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Nucleic Acids Res. 2020 Jan 24. pii: gkaa009. doi: 10.1093/nar/gkaa009. [Epub ahead of print]

Uncovering tissue-specific binding features from differential deep learning.

Author information

1
Department of Computer Science, The University of Manchester, Oxford Rd, Manchester M13 9PL, UK.
2
School of Health Sciences, The University of Manchester, Oxford Rd, Manchester M13 9PL, UK.
3
School of Medical Sciences, The University of Manchester, Oxford Rd, Manchester M13 9PL, UK.
4
Department of Orofacial Sciences and Department of Anatomy, University of California San Francisco, 513 Parnassus Avenue, HSW 740, San Francisco, CA 94143, USA.

Abstract

Transcription factors (TFs) can bind DNA in a cooperative manner, enabling a mutual increase in occupancy. Through this type of interaction, alternative binding sites can be preferentially bound in different tissues to regulate tissue-specific expression programmes. Recently, deep learning models have become state-of-the-art in various pattern analysis tasks, including applications in the field of genomics. We therefore investigate the application of convolutional neural network (CNN) models to the discovery of sequence features determining cooperative and differential TF binding across tissues. We analyse ChIP-seq data from MEIS, TFs which are broadly expressed across mouse branchial arches, and HOXA2, which is expressed in the second and more posterior branchial arches. By developing models predictive of MEIS differential binding in all three tissues, we are able to accurately predict HOXA2 co-binding sites. We evaluate transfer-like and multitask approaches to regularizing the high-dimensional classification task with a larger regression dataset, allowing for the creation of deeper and more accurate models. We test the performance of perturbation and gradient-based attribution methods in identifying the HOXA2 sites from differential MEIS data. Our results show that deep regularized models significantly outperform shallow CNNs as well as k-mer methods in the discovery of tissue-specific sites bound in vivo.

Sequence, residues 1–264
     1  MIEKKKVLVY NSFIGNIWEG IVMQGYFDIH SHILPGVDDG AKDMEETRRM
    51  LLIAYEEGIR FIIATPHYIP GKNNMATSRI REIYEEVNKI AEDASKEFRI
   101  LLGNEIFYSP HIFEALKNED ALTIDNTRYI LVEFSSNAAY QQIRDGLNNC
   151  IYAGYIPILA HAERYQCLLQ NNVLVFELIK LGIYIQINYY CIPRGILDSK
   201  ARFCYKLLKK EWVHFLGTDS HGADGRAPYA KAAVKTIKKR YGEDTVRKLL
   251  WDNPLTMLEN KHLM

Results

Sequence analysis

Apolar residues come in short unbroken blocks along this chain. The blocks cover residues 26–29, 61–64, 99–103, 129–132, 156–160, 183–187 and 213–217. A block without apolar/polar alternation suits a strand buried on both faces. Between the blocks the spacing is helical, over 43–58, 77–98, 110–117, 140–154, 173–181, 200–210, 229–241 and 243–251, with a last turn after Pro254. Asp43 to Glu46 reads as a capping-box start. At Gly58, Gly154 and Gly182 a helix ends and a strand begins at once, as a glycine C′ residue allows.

PMID:
31974574
DOI:
10.1093/nar/gkaa009

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